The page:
The Battalion. (College Station, Tex.) 1893-current, June 27, 1991, Image 1

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page 5
An improved early warning system
^fo? Texas A&M
page 2
The Battalion
nd grapt Vol. 90 No. 161 CISPS 045360 6 Pages
College Station, Texas
"Serving Texas A&M since 1893"
Thursday, June 27, 1991
s men, at;
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|\&M provides resident advisers with lowest compensation
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By Tammy Bryson
The Battalion
: Texas A&M provides its resident ad-
isers with the least compensation in
terms of hourly wages and housing
benefits compared to eight other uni
versities in Texas.
1 The other seven universities sur
veyed were Sam Houston State Uni
versity, University of Houston, Ste-
E *nen F. Austin State University,
diversity of North Texas, University
of Texas at Austin, Texas Tech Univer-
Ifity and Southwest Texas State Univer
A&M presently pays its RAs $4.20 an
hour for 16 hours a week, which comes
to about $1,200 a semster. University
RAs do not receive any housing bene
UT-Austin has the highest compen
sation for RAs, who receive a monthly
cash stipend that pays for their room
and board. They get to keep the money
that is left over after paying expenses,
about $90. Total compensation is esti
mated at about $2,400 a semester.
Southwest Texas State University
provides free room and board to its ad
visers along with a stipend based on
experience. Average compensation tor
advisers at Southwest Texas is between
$1,600 to $1,800 a semester.
A&M is the only university surveyed
that did not offer either free or dis
counted room and board as part of
payment to advisers.
Tom Murray, associate director of
Student Affairs for Residence Life, said
A&M handles RA compensation differ
ently than other universities.
"We (department of student affairs
officials) have elected to use a straight-
salary system because there are six dif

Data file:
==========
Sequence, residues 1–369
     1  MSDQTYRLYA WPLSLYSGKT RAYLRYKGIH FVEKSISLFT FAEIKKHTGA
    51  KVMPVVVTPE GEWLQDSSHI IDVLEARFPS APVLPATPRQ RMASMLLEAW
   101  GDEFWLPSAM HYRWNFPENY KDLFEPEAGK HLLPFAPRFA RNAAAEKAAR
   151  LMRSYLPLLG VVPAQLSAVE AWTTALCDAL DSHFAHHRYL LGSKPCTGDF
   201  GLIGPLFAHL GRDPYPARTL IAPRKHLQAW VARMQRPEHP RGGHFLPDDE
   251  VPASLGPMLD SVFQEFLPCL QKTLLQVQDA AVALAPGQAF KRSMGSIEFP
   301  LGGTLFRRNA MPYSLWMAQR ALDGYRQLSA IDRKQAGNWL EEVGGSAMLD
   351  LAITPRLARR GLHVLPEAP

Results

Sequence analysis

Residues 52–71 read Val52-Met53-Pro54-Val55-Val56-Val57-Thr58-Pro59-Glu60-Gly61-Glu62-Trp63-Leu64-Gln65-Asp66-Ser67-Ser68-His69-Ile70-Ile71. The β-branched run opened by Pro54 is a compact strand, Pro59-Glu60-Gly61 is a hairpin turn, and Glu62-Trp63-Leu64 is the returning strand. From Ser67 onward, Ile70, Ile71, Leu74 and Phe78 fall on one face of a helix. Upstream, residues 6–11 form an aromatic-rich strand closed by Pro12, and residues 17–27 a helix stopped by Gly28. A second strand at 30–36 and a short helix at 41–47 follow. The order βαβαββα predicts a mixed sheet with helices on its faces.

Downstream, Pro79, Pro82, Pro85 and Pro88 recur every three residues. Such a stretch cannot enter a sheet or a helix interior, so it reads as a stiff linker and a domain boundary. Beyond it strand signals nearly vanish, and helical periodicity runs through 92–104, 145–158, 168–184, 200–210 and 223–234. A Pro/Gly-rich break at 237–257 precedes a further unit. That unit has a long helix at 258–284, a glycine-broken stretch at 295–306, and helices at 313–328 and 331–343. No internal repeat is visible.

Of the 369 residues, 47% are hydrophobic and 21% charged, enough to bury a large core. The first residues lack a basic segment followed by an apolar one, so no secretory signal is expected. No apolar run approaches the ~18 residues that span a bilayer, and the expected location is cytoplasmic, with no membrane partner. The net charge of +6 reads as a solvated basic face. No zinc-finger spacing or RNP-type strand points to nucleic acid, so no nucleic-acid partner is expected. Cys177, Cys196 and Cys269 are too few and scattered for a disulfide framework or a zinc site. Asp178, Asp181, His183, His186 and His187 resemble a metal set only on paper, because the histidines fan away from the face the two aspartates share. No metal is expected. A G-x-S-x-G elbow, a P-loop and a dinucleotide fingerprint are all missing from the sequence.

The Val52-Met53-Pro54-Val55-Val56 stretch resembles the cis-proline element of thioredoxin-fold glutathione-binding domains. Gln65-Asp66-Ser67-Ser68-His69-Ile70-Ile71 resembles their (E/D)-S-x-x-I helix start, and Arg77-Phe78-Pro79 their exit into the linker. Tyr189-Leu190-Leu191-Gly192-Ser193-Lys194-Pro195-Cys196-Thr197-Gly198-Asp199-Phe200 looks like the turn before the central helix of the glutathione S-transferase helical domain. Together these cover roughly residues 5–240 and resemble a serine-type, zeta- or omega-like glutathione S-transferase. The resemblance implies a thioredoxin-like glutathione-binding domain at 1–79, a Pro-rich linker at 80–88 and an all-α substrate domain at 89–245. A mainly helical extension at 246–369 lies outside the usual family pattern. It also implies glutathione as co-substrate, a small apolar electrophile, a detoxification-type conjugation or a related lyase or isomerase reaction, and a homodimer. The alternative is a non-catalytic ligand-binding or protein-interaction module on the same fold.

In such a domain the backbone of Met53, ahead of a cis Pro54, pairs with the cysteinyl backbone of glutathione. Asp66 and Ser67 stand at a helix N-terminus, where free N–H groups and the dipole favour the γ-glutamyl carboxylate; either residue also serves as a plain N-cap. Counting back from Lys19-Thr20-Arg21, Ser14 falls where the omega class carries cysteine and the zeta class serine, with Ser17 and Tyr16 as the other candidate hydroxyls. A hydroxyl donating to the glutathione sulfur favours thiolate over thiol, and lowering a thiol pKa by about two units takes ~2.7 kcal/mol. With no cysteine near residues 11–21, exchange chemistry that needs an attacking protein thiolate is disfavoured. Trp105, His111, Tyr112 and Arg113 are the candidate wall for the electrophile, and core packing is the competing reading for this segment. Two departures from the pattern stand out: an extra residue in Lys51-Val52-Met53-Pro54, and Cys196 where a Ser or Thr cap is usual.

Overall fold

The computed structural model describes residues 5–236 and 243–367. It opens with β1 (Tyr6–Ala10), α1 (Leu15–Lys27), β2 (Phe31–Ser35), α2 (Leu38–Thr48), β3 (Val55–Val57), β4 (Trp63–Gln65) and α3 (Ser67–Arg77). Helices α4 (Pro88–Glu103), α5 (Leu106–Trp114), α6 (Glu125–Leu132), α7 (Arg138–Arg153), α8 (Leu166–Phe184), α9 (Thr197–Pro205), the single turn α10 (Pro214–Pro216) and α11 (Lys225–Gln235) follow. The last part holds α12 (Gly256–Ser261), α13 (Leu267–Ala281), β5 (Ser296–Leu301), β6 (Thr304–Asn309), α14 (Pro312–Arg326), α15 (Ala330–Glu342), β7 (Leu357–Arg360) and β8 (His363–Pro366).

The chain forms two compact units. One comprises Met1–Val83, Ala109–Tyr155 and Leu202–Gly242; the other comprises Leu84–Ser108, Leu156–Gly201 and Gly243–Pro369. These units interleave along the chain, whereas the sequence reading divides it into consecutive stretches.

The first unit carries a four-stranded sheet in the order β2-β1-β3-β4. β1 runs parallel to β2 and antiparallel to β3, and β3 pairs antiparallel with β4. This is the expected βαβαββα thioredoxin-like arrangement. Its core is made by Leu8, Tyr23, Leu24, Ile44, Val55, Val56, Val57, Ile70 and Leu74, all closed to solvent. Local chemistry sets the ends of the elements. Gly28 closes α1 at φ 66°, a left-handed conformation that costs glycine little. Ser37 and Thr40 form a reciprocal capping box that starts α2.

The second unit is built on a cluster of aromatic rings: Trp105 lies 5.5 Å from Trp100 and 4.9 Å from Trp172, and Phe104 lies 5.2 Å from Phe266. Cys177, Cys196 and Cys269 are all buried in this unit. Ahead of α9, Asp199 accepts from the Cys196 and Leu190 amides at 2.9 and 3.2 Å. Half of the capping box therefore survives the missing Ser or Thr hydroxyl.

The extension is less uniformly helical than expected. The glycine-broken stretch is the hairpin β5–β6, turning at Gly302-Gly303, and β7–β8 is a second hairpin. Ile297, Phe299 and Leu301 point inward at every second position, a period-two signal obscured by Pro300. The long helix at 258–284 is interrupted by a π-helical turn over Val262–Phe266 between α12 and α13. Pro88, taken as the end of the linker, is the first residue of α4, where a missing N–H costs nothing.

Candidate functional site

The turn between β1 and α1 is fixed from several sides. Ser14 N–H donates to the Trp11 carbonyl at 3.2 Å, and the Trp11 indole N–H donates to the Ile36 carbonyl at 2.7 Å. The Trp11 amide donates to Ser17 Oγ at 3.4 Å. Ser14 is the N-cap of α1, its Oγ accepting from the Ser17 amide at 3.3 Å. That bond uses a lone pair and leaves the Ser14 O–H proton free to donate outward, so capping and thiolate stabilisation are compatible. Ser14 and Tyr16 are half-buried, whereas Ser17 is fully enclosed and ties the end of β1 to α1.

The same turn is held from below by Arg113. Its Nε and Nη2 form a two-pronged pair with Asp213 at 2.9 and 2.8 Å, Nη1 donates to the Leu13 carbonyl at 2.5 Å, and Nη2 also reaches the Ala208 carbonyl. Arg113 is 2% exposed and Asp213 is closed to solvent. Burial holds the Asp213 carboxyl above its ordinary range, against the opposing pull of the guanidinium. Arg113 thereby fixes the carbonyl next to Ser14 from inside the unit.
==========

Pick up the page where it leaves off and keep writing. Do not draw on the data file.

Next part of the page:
ferent rent scales for dorms at A&M,"
Murray seid.
The amount that advisers are paid
depends on how much money is in the
budget, he said.
"I would like to be able to pay the
RAs more, but we have a limited
amount of money to work with," he
said. "We have increased the number
of hours that advisers are paid in an ef
fort to raise their salaries."
Murray added that advisers do not
receive private rooms as partial pay
ment because of present occupancy de
"It is hard to compare our amount of
payment with other institutions be
cause different schools have different
responsibilities for their advisers," he
said. "But I was not aware that we
were low compared to other universi
ties. If this is true then we need to do
something about it."
Steven Schoolcraft, a resident ad
viser in Neeley hall, said he believes
the experience gained through being
an RA makes the job worthwhile, in
spite of the low wages.
"I don't think I get paid enough for
what I do," he said. "But this is not a
paying job. This job helps you to build
experience, build character and build a
Information about resident advisers'
compensation was obtained from
phone interviews with surveyed
schools' housing officials.
oldiers advance deep
into Kuwaiti territory
greater ok
'eon facir
to the ii
ng and tf
t at affe j| Editor's no te: Michael A. Kel-
Sey, a Class of '89 political sci-
. ,, ence graduate, worked for The
u 2 Battalion as a reporter in the fall
ide Td 1989. What follows is a chroni-
a cle of some of his experiences as
. orni: an M1A1 tank platoon leader
during the Persian Gulf War.
' is is part three of a four-part
Day 1, G-Day, Feb. 24
We pulled out of our FAA at
8:30 a.m. and moved a few kilo-
ilfneters up to our pre-attack posi-
■ion. It started raining and did
not stop until night, when it be
came a light drizzle.
A sand storm kicked up at 10
a.m., just as we were told we
would attack today, not tomor
row, as planned.
Our scouts out front found no
enemy in the bunkers to our
ront, so the division and corp
commanders decided to cross
the line of departure (LD), the
Iraqi border.
We crossed over a 10-foot high
earthwork that was once a de
fensive berm. Our engineers cut
hole through the piled up sand
md rock so we could keep roll-
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tate nei'
the fed
n andra
picked up to 30 mph, and the
rain came down in sheets.
It was miserable to be sweat
ing inside of our chemical pro
tective suits while having cold
rain drip down our necks at the
same time. By this time, nobody